Bonnie-Rose-Hudson-200x200Bonnie Rose Hudson lives in central Pennsylvania. Along with spending time with her family and writing, making kids smile is her favorite thing to do. Her heart’s desire is for every child to feel the love of God and know how special they are to Him. She loves creating curriculum and working for SchoolhouseTeachers.com, the curriculum arm of The Old Schoolhouse® Magazine, as the site’s executive editor. At TOS, she found a place where her love of God and history combine with her love of writing to bring encouraging, educational, and entertaining material to students and their families. She would love for you to visit WriteBonnieRose.com to discover how you can write for the homeschool market.

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How to Write a Query for Schoolhouse Teachers: Part Two

How to Write a Query for Schoolhouse Teachers Part Two

If you’ve been working on the assignment I gave you last month, you’ve thought of one or more good ideas that you want to write about. Now let’s get in to the meat of how to make this a course that kids can enjoy.

You’re going to need three main pieces to your course:

  • The basic text the students will read
  • The activities that will go along with the text
  • Assignments for further exploration

The first question to answer about your text is what age you are writing for. This can be a range, but it’s important to know your reader, just as it is when writing fiction. Not only will it make a difference in your word choice and sentence structure, it will play a huge part in exactly what specific topics you can cover. For example, if you are writing about plants for a child who is six, you are probably not going to spend a week discussing photosynthesis. You are going to discuss things like the types of common plants they see every day, what shape they are, how they grow from a seed, and things relevant to the world of the reader.

Once you know the age of your reader, you can start planning your main content. I’m an outliner, so I like to lay everything out ahead of time and then fill it in. If you prefer just sitting down and writing what comes out, please skip over this section and get busy writing. Let’s say I want to write about the geography of the United States. Two ways to outline this topic come to mind:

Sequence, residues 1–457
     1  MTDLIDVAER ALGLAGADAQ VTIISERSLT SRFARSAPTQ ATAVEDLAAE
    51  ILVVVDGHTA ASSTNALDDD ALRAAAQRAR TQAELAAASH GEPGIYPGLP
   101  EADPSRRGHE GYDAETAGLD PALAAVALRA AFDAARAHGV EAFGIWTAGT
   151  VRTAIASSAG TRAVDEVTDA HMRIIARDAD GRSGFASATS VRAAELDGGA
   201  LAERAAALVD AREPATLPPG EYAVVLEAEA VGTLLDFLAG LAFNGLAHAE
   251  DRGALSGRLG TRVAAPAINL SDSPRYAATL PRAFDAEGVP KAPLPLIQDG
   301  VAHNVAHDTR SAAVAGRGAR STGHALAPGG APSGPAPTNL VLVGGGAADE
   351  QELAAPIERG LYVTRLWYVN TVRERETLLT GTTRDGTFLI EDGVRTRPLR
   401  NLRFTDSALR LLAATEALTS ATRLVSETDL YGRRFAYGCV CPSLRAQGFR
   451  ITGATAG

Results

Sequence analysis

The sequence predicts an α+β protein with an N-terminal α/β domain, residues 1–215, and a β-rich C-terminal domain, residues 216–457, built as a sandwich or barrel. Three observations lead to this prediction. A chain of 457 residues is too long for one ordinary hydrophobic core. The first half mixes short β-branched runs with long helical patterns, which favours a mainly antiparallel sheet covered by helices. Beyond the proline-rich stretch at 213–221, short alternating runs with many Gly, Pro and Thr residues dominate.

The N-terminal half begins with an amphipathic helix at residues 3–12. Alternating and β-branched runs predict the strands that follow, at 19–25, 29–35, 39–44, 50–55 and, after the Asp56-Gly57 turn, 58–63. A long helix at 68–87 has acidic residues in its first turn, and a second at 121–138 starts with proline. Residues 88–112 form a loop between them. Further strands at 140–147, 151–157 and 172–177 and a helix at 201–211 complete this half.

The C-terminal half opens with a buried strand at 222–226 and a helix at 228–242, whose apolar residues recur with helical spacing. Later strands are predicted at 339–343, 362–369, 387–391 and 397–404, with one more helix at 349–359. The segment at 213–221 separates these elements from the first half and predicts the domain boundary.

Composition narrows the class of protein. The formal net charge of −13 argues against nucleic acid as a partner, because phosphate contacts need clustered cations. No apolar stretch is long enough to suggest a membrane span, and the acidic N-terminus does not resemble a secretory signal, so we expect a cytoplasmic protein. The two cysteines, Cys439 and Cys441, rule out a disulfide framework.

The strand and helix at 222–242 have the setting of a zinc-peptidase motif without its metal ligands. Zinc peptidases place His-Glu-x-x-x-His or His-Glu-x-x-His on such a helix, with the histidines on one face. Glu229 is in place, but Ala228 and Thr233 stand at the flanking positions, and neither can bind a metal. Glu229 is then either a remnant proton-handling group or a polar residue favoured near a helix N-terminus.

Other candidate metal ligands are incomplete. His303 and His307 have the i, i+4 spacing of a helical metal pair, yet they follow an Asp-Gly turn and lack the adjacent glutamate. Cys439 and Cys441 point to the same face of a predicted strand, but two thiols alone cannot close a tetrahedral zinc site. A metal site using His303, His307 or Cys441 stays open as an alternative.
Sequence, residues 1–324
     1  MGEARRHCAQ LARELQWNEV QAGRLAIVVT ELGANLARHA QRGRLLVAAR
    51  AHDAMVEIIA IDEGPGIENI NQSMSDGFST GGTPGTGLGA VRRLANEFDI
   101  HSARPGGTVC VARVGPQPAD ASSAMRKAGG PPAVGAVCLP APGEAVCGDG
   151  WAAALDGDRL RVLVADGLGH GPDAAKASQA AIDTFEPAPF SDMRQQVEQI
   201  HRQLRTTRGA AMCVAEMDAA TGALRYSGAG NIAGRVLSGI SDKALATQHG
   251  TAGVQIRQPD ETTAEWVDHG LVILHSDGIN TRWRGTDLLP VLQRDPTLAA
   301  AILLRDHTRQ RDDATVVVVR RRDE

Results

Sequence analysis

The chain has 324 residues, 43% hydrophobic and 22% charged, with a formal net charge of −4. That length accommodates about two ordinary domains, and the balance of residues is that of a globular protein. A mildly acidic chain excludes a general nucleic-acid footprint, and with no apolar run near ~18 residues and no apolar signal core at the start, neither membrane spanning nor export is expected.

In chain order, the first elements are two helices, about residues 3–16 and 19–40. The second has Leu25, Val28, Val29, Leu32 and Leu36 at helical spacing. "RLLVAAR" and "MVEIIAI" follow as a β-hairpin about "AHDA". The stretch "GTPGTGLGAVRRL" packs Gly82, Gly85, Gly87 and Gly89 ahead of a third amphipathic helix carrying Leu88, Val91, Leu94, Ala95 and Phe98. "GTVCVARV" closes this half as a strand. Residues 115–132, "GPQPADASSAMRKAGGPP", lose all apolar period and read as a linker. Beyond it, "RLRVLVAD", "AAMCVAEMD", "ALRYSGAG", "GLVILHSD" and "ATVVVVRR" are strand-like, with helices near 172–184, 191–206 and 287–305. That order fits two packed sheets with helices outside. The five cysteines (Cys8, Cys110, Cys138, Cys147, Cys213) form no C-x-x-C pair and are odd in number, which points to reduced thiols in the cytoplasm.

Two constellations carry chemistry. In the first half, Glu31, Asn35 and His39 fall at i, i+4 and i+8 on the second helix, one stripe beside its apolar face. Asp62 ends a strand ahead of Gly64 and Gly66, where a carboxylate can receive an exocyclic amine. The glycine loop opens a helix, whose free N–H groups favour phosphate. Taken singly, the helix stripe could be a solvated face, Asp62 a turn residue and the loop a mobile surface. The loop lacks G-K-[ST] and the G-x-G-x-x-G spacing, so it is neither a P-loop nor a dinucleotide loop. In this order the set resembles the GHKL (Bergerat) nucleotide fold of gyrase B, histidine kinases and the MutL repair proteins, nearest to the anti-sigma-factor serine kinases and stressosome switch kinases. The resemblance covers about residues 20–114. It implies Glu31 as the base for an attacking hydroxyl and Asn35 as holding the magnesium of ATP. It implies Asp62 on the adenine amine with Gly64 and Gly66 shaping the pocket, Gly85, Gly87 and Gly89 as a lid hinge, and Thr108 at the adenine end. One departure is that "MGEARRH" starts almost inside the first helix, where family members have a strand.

• By region
  • By state

If I choose to outline it by region, I’ll have five divisions (depending on what map I consult): Northeast, Southeast, Midwest, Southwest, and West. If I choose to outline it by state, I’ll have fifty separate sections.

If this is your first time creating a course, I strongly suggest you start with the five divisions instead of the fifty. Otherwise, you may find yourself planning for the fifty, starting strong, and wondering what you were ever thinking right around number seventeen!

This month, I want you to outline how your main idea might break down into units and then write. Don’t worry right now about what form the course will take in the end, or what kind of activities you will create—though certainly make note of any ideas you have about those as you go. Write as much as you can, and include as much information as you can. Keep track of the sources you use to gather and verify your information. Your job this month is not to write a polished piece of content. Your job is to learn as much as you can about your idea, divide it into logical chunks, and write as much as you can about. Next month we’ll start turning it into a course.

If you have any questions, be sure to leave them in the comment box below. I look forward to seeing you in April!

Read: How to Write a Query for SchoolhouseTeachers.com Part One.

Read: How to Write a Query for SchoolhouseTeachers.com Part Three.

 

Bonnie-Rose-Hudson-200x200Bonnie Rose Hudson lives in central Pennsylvania. Along with spending time with her family and writing, making kids smile is her favorite thing to do. Her heart’s desire is for every child to feel the love of God and know how special they are to Him. She loves creating curriculum and working for SchoolhouseTeachers.com, the curriculum arm of The Old Schoolhouse® Magazine, as the site’s executive editor. At TOS, she found a place where her love of God and history combine with her love of writing to bring encouraging, educational, and entertaining material to students and their families. She would love for you to visit WriteBonnieRose.com to discover how you can write for the homeschool market.

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Writing for Schoolhouse Teachers

How to Write for SchoolhouseTeachers

The homeschooling market is growing rapidly, and there are many ways childrens’ authors can be involved. I’m the executive editor at SchoolhouseTeachers.com, and I’d like to share with you about our company and how you can become part of our writing team. SchoolhouseTeachers.com is the curriculum site of The Old Schoolhouse® Magazine. We serve homeschool families around the world with online homeschool curriculum that is grounded in a Christian worldview. We are not an online academy in the sense that the students work is graded online, etc. What we offer is low-cost access to high quality material that parents can use in their homes to teach everything from the alphabet to advanced chemistry.

What are you looking for?